The Common Wealth – Is there room for emergent values?

In my Christmas 'ought to reads' pile was Reclaiming Our Common Wealth's values list.

Perhaps influenced by Tim Flannery's new book 'The Weather Makers', and 'The Singularity Is Near,' by Ray Kurzweil, it occurred to me that these values are an arrangement (a fine arrangement) of traditional values.

Might there be room for emergent values? Is there scope to define and appreciate that which we have only recently invested? Is there room to assess the worth of new values, particularly those held by our youth, the maturity and manifestation into policy of which will certainly underpin our future common wealth, along with revisions of traditional values? Perhaps such fresh values might also further distinguish NM values from traditional conservative values?

In Australian society there are many ideas and desires that have only lately attracted deep emotional and broad-societal investment. These should be considered, especially those with growing relevance to our social development and to our individual self-esteem.

One such example: did we, do we, will we or should we formally value the role of technology?

The preamble mentions that Australia's innovation has been a model for other countries. This is where clear reference to newness though seems to end.

Thanks to Leahy

An Australian born in 1988 has an emotional investment in 'technological development' unimaginable to the 18 year old who watched the moon landing live. The differences between the values engendered by the moon landing were similarly unimaginable to those young Australians that experienced the advent of electric lighting.

There is a trend here. It's exponential in the sense of sociological relevance and increasingly influential in terms of cultural growth. For our values to be most useful in an increasingly changing world, they need engage with non-traditional change, they need to assist us to handle change.

Yet the words science, technology, future, creation, biodiversity, information, adaptation, uncertainty, do not appear, let alone find themselves, or their emergent consequences, acknowledged in the text.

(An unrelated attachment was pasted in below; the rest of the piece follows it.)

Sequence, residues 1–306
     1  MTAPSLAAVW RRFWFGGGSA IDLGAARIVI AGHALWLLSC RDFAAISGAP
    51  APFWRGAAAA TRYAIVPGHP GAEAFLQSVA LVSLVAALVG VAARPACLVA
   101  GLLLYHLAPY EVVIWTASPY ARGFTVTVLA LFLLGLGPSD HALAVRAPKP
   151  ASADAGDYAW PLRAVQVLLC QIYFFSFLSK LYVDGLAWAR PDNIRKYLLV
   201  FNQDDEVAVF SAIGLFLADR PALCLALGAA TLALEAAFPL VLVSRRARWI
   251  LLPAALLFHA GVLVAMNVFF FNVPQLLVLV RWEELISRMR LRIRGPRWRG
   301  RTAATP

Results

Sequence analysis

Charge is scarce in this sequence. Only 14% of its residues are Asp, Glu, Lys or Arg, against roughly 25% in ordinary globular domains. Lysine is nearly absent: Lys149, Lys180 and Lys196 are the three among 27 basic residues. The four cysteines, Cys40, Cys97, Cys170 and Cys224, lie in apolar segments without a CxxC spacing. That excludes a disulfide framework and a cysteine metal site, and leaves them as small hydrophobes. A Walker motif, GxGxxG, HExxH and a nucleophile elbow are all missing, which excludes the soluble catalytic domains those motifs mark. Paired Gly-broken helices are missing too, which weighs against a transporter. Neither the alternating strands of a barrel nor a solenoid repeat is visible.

Whereas John Howard's idealised 1950's perspective may not have much use for the emotional and ethical valuation of, for instance, technology, Australia will have difficulty advancing and competing without some considered regard for the emergent values that will help steward such change in the 21st Century.

Here are a few things to consider:

– There were 3 Billion people on earth in 1960 and by 2000 there was 6 Billion.

– 70% of the world's people alive today will be alive in 2050.

– With 18.4 million mobile phone subscribers, the Australian market is considered saturated (there are 11.46 million land line subscribers) yet last year there was a 33% increase in SMS (Short Message Service) activity, mostly via pre-paid contracts, the majority of whom are under the age of 25.

– Last year the computer game industry grew to the size of the movie industry (~ US$ 8.5 Billion) and is projected to overtake it this year. Technologically enabled interaction and dialogue is proving more attractive than passive viewing.

The tides of time will eventually drag all anchors for public policy, no matter how meaningful. But if our values also speak to change, we can ensure that, according to our aspirations, we always drop a virtuous anchor on a respectable substrate.

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